The available evidence indicates that beluga whales in the BCB region overwinter in the northern and central Bering Sea at or near the southern extent of the sea ice [18, 2831] (Fig 2). The hour-glass shape of the Bering-Chukchi basin constricts the migration of Chukchi and Beaufort summering groups through the narrow (85km wide) Bering Strait en route to and from wintering areas in the Bering Sea (Fig 2). This geographic feature, in concert with the timing and pattern of ice breakup and formation, likely exerts a substantial influence on when whales migrate, what routes they use, where they overwinter and to what extent separate summering groups overlap in winter. A recent study summarizing satellite telemetry data from five of the six BCB summering groups (i.e., excluding Kotzebue Sound) revealed that whales from discrete summering groups may also have traditional wintering areas with varying degrees of overlap [31]. Considering the peak breeding season for beluga whales is during winter and early spring [22], there is potential for extensive genetic and individual exchange among BCB summering groups both on migration and during the winter.

A series of genetic studies have been conducted on beluga whales in the western Nearctic (Alaska and northwestern Canada) and in the eastern Palearctic (Russian far east). A number revealed substantial mtDNA differentiation among geographically isolated populations and among some summering groups that likely reflects long-established patterns of female-mediated philopatry and demographic isolation [3236] leading to their identification as demographically distinct management stocks [37, 38]. A few studies have documented lower levels of nDNA (microsatellite) heterogeneity among geographic strata compared to mtDNA which has been taken as evidence of extensive male-mediated gene flow among summering groups, possibly on shared wintering grounds [27, 39].

These earlier studies, however, have a number of limitations with respect to resolving patterns of migration, dispersal and gene flow of Pacific beluga whales basin-wide. All were of too short a duration to directly test for natal philopatry and migratory culture in this long-lived mammal, and to assess the stability of migration and dispersal patterns over ecological time frames. All had a regional focus that risked incomplete assessments of the molecular and behavioral ecology of this highly vagile species in an environment with few geographic barriers. The failure to include all populations, for example, can lead to inaccurate cluster analyses and erroneous assignment tests. Low marker number and sample size in many cases limited interpretations of observed patterns of differentiation. Furthermore, differing laboratory conditions prevented the comparison of nDNA (microsatellite) data sets among studies and populations, while few whales were sampled on migration or outside traditional coastal summering areas.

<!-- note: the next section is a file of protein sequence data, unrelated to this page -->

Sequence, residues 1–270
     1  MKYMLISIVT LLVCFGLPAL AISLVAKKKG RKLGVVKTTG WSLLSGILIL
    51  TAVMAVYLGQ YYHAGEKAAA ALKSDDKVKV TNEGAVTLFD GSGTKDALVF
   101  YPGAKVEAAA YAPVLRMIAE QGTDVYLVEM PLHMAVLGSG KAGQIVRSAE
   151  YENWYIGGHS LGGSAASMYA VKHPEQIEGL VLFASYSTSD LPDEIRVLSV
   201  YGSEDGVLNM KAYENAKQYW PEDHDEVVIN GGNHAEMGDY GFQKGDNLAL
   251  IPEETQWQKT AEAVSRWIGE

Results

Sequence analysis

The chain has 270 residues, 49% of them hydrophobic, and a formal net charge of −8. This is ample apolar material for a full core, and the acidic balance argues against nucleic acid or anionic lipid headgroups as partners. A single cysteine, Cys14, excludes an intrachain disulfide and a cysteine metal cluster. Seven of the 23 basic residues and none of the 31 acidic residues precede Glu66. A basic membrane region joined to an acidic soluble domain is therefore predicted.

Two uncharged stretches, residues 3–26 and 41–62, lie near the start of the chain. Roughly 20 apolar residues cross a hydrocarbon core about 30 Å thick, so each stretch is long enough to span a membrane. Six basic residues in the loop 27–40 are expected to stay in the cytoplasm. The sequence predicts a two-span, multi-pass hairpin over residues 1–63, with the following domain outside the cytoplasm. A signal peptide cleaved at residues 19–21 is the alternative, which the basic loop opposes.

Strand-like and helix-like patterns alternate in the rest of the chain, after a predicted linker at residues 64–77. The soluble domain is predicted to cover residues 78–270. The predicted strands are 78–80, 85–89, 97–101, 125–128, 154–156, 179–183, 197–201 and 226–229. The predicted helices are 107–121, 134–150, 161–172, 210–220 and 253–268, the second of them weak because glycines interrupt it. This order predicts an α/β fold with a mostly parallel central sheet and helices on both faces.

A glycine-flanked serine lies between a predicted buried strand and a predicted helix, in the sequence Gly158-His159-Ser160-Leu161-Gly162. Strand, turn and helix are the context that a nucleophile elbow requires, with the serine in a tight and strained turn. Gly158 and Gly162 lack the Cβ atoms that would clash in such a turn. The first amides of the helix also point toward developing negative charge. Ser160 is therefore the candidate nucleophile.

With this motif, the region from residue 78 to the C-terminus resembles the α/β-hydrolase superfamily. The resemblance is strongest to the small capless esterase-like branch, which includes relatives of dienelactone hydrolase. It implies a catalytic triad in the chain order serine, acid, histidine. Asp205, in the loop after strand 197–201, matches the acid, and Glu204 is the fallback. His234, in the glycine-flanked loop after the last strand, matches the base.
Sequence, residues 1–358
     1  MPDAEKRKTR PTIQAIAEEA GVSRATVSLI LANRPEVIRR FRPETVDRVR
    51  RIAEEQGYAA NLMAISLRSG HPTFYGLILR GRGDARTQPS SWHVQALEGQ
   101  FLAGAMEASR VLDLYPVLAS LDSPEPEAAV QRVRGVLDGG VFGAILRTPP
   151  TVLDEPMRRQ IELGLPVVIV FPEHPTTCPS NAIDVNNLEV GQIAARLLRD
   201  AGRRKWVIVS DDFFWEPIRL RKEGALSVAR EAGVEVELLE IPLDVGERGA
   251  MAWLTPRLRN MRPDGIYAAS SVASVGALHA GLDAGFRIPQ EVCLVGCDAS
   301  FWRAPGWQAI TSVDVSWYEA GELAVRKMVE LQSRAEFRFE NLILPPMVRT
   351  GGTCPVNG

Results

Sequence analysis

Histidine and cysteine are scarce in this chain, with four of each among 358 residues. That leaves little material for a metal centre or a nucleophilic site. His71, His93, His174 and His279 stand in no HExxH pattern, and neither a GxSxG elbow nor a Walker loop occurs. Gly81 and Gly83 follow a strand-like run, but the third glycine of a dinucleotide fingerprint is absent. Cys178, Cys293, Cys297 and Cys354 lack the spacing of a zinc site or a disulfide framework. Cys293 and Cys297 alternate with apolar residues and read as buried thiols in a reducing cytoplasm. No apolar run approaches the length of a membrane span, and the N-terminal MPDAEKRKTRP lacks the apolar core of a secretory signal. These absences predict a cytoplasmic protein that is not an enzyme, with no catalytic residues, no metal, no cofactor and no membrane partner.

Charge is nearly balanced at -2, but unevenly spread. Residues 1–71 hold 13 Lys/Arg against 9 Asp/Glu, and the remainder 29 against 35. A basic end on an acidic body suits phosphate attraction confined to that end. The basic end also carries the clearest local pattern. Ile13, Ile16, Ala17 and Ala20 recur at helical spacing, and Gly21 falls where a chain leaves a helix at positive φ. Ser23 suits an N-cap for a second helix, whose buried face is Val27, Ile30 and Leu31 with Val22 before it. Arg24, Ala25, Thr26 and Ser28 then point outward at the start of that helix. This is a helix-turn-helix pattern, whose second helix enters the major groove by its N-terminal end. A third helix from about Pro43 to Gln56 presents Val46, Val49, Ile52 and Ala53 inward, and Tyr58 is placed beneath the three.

In this study, we investigate migration behavior, dispersal, population structure and stock identity in Pacific beluga whales. We include whales from all major coastal concentration areas in the north Pacific for the first time. We analyze 1,444 samples for both mtDNA and eight microsatellite loci. We conduct analyses on a further 203 Russian Far East whales from the literature [39] for a total of 1,647 whales from across their Pacific range. We test hypotheses on how the spatial proximity of summering and wintering areas may influence levels of dispersal and interbreeding among discrete summering aggregations, some of the findings of which have recently been referred to in the tracking paper by Citta et al. [31]. We include previously unsampled and undersampled locations, greatly expand the analysis of migrating whales, and extend the sampling time frame in many areas to encompass more than three decades from 1978–2010. With this extended time frame we assess patterns of kinship within groups and among years, determine the stability of migration patterns and structure over ecological time frames, and further investigate the population origins of beluga whales in one area (Kotzebue Sound, Alaska) that has witnessed dramatic changes in the pattern of annual return of beluga whales in summer. Finally, we explore how model-based cluster analysis of population genetic structure and Bayesian inference of recent rates of dispersal may be influenced by sample size, uneven sample numbers, locus number and differing degrees of subdivision.

Materials and methods

Sample collection and laboratory analysis

All samples were collected under the authority of U.S. Marine Mammal Protection Act permits issued by the National Marine Fisheries Service, Russian Marine Mammal permits, and the Dept. of Fisheries and Oceans, Canada scientific licenses. Tissue samples were collected from 1,444 beluga whales at 45 locations across 15 geographic strata in in the Gulf of Alaska, the Bering, Chukchi and Beaufort Seas, and the Sea of Okhotsk between 1978–2010 (Table 1, Fig 1). A more detailed summary of sample numbers across the four distinct sampling periods of this study are provided in S1 Appendix. Tissues were preserved in 20% dimethyl sulfoxide (DMSO) saturated with NaCl. Total DNA was extracted from each sample using standard cell lysis-high-salt extraction protocols, and each sample was screened for variation within 410bp of the mtDNA control region according to previously published methods [32, 33]. Total DNA was also extracted from a number of dried tissue and teeth samples using standard silica-based ancient DNA methods [40, 41]. The gender of each sample was determined by PCR-based methods [42] and all samples were analyzed for variation within eight microsatellite loci (S1 Table) typed on beluga whales [43] or other cetacean species [44, 45]. Earlier studies including an analysis of 288 belugas in the current study (including 9 known mother-calf pairs), demonstrated that all eight loci were inherited in a Mendelian fashion and were not sex-linked [27, 34, 43]. Comparisons of observed to expected genotypic frequencies using the Micro-Checker program (version 2.2.3) [46] for the four best sampled areas found only one of 32 tests consistent with null alleles (i.e., homozygote excess), and no evidence of large allelic dropout (0/32 tests) or scoring errors due to stuttering (0/32 tests).